Correction risks continue to mount for Canadian households, analysts say
Over the past decade, Canadian mortgage debt has seen gains almost twice as large as the nation’s GDP growth, according to data from Statistics Canada.
In the 10-year period ending 2021, outstanding residential mortgage credit swelled by 71.5%, far outstripping the GDP increase of 39.3%.
“This puts households at a much greater risk of correction – or at least paying for a bailout,” Better Dwelling said in its analysis of the StatCan figures.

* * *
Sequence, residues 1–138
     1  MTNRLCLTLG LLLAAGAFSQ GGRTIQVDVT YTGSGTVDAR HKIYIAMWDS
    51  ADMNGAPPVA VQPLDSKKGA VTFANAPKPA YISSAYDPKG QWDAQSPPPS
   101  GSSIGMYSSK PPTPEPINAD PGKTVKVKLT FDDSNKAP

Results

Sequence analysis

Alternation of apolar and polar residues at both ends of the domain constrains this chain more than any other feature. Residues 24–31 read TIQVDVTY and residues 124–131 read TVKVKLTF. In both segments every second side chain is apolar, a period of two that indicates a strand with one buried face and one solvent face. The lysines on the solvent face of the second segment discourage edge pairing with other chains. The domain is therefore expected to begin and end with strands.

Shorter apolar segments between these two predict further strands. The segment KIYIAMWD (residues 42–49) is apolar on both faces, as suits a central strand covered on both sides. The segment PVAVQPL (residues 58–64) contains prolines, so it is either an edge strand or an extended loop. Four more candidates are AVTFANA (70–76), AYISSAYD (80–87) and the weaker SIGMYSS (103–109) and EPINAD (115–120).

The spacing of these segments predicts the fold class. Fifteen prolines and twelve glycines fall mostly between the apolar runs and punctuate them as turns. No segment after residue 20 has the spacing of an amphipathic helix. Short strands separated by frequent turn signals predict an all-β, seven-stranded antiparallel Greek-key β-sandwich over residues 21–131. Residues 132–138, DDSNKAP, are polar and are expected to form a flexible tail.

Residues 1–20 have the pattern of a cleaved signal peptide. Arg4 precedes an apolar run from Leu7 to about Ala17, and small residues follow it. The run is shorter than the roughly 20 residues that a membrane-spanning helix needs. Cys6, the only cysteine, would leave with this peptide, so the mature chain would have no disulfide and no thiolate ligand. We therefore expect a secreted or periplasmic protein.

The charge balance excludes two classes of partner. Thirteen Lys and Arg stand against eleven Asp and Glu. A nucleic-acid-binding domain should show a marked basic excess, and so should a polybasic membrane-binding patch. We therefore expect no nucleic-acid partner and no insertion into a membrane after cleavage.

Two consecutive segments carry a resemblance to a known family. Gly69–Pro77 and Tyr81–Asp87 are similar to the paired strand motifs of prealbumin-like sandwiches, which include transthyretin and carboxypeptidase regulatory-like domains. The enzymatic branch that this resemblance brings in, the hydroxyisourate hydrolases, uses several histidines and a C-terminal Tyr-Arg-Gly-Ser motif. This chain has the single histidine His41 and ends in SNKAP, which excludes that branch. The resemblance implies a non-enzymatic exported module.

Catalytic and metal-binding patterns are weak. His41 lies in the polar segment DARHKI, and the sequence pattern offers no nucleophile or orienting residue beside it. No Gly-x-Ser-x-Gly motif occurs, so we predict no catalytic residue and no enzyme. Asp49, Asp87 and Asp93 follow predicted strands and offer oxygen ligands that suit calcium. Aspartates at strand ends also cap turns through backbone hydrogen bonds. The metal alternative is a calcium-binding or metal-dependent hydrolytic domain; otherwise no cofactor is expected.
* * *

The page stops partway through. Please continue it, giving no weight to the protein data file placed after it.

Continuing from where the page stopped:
A similar trend has been observed in overall mortgage debt, which has reached nearly three-quarters of GDP (71% as of the second quarter).
During the third quarter alone, new mortgage growth clocked in at 7.7% annually, while the average per capita loan amount for new mortgages grew by 18.3% annually to reach roughly $360,000, Equifax said recently.
This was a phenomenon decades in the making, Better Dwelling said.
“In 1990, the ratio of mortgage debt to GDP was just 34% in Canada. It took 13 years for the ratio of mortgage credit to GDP to rise 6 points, breaking above the 40% ratio,” Better Dwelling said. “In contrast, the past 13 years have seen the ratio increase a whopping 22.7 points. Mortgage debt isn’t just growing faster – growth has been accelerating.”